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Harvard professor Roy Y.J Chua and London Business School assistant professor Xi Zou found that people who live luxuriously may be psychologically different than everyone else. More specifically, people who drive around in town cars and zip across the country in private jets make selfish decisions that enable them to do so. They make decisions that best benefit themselves and don’t consider others as much. Chua says this could be the reason so many high-paid executives, like those on Wall Street, act irresponsibly.
“People who were made to think about luxury prior to a decision-making task have a higher tendency to endorse self-interested decisions that might potentially harm others,” Chua and Zou wrote in their February 2010 paper, “The Devil Wears Prada? Effects of Exposure to Luxury Goods on Cognition and Decision Making.”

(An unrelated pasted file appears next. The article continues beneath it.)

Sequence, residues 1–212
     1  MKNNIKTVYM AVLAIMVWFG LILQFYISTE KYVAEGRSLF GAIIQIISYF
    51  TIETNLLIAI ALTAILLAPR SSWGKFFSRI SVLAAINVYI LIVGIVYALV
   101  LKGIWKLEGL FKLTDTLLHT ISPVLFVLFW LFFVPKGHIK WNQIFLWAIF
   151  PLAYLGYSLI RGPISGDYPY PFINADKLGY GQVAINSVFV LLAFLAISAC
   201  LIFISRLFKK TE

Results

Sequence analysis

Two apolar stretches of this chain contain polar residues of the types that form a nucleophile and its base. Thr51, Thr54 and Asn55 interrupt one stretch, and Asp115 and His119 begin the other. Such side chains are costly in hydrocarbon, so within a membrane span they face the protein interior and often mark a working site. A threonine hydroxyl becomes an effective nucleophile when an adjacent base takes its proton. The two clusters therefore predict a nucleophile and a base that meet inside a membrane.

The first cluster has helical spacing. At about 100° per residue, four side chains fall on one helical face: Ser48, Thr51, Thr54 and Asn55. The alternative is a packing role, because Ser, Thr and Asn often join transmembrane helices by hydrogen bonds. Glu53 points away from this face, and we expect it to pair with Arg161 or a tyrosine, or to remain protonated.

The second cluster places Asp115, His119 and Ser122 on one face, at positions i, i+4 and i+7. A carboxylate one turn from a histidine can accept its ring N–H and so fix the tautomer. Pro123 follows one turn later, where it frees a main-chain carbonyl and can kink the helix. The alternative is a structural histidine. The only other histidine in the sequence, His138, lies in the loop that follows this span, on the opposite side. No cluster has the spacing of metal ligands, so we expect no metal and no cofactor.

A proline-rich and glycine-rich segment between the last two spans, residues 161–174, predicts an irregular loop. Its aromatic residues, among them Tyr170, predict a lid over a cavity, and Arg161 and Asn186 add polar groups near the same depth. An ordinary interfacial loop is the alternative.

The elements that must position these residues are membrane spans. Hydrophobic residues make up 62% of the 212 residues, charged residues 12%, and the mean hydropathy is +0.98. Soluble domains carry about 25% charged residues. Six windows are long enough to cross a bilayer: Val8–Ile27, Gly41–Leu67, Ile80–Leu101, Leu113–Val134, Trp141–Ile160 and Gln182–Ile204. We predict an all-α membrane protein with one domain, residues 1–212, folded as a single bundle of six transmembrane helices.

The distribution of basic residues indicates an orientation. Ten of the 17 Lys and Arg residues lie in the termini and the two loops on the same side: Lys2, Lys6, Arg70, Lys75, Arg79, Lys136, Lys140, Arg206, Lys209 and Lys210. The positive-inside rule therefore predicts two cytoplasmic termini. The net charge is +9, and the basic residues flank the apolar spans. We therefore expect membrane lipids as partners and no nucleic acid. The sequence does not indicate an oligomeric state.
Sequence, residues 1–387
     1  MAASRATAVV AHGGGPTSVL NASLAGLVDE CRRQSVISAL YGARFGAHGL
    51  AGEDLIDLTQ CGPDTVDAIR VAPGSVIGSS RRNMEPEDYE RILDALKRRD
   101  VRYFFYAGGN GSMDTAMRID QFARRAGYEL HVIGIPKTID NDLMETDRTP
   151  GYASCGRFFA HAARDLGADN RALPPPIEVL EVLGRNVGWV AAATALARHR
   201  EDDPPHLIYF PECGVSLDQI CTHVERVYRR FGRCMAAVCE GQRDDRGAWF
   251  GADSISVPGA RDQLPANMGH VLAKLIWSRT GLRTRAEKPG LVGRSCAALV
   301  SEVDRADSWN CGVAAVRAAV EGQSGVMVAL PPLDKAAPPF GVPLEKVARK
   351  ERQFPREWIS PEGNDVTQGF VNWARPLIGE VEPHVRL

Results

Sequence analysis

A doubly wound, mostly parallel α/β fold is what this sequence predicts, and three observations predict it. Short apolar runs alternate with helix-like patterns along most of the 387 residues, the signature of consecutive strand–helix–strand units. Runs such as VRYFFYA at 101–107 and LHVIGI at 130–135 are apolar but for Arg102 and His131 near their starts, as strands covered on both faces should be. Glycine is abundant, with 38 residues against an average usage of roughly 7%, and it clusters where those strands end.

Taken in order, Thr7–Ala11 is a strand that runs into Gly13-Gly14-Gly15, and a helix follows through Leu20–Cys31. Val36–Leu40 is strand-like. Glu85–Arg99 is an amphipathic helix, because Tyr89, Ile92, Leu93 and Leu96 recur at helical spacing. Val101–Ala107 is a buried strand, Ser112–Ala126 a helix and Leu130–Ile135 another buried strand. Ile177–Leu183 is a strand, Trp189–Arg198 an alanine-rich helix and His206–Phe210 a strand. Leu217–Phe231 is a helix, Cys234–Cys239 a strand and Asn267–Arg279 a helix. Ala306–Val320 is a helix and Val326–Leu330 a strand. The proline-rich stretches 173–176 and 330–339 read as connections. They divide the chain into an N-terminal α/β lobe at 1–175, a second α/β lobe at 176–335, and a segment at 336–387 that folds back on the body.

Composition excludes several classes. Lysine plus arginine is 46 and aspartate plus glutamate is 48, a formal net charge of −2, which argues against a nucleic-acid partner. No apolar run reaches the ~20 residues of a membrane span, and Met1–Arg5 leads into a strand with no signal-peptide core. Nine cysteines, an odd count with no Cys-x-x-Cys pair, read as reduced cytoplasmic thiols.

The drive for luxury, Chua found, doesn’t make people intentionally harm others; it makes them less concerned about others. Any harm caused is really just a side effect.
So how can we get rid of corporate greed?
“Perhaps besides limiting the size of bonuses, limiting corporate excesses and luxuries might be a step toward getting executives to behave more responsibly,” Chua says.
Check out HBR’s Q&A with Chua, here.
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